16-bit Processor Build - Initial Assembly

Updated: Sep 4

I have started the hardware build of my 16-bit processor. In this running post, I will share progress updates and lessons learned as I go.

Related: 16-bit Processor Build - Design Work

29 July 2022 - Dual-bus board, Clock/reset card, Bus-to-breadboard extension

My first task is to get the dual-bus board running, along with the clock/reset card. Additionally, I have a pair of PCBs that allow me to easily extend the bus out to breadboards. In the following video, I compress 2.5 hours of build time to approximately 4.5 minutes.

  • I populate some of the bus-board -- enough to connect two cards to the 16-bit processor bus.

  • I then build the first add-in card for the 16-bit processor, a clock and reset card. The card generates CLK, CLK#, and RESB signals. The clock can be driven from an onboard 555 or onboard full can oscillator. Manual clock pulsing is also supported. The card supports remotely controlling the reset and clock pulse, which I have connected to a set of switches on the bus board (through a pair of 2-pin headers). Both the card and bus board have LED indicators. The bus board reads the clock and RESB signals from the 16-bit bus.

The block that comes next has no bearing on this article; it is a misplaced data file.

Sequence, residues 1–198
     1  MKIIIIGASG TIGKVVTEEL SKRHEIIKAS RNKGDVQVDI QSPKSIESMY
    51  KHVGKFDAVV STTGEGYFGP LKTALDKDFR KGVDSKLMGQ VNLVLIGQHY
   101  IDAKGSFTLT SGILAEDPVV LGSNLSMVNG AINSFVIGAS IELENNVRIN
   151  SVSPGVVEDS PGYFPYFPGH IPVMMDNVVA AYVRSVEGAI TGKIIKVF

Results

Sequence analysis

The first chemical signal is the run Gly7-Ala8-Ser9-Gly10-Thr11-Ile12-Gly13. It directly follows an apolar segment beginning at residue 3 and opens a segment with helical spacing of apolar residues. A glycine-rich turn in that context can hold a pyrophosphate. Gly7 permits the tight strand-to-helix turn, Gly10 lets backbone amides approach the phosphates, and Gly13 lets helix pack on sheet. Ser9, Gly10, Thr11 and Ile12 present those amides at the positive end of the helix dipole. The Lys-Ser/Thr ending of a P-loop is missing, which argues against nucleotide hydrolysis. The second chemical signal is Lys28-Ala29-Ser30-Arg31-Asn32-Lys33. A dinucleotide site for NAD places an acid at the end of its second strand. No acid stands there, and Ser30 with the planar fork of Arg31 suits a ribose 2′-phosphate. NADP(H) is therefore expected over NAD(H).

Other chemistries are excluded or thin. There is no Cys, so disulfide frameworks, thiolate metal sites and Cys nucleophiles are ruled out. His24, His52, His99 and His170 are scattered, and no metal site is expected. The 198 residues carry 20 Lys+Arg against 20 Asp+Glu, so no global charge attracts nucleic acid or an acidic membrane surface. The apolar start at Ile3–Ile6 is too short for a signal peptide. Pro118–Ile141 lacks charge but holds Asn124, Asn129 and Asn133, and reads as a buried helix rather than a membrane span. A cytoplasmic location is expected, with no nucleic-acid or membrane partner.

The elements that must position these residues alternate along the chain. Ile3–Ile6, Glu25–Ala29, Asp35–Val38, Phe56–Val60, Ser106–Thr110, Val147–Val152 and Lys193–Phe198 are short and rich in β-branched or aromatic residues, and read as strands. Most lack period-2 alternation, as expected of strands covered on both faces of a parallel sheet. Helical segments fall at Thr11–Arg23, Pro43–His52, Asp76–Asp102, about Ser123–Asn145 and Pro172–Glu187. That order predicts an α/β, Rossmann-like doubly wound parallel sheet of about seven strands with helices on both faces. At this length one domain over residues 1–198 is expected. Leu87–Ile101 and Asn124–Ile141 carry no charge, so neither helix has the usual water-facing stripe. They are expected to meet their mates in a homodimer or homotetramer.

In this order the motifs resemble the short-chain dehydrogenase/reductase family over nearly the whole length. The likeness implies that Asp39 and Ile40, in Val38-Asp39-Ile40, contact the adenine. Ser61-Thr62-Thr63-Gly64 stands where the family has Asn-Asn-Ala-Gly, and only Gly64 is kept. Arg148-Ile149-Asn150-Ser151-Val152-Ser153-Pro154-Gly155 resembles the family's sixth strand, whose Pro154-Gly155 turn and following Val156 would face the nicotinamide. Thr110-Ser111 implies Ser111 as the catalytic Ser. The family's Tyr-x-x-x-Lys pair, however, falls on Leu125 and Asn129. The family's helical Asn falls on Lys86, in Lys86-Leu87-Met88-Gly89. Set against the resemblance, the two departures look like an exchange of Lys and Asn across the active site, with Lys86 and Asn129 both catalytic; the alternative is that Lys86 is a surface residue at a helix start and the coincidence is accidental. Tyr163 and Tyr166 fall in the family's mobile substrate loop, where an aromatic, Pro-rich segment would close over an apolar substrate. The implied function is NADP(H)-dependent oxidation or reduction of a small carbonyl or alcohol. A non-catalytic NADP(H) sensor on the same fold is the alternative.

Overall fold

• Finally, I build a pair of PCBs for extending the bus to a breadboard and test reading the clock signal on the breadboard.

  • On the dual-bus board, my column of supplemental power connectors (right edge of board) was missing the GND connection in the schematic. I must have accidentally deleted it along the way. I updated the schematic and ran a bodge wire on the backside of the board to connect the column's GND to the DC barrel connector's GND using 20-gauge wire.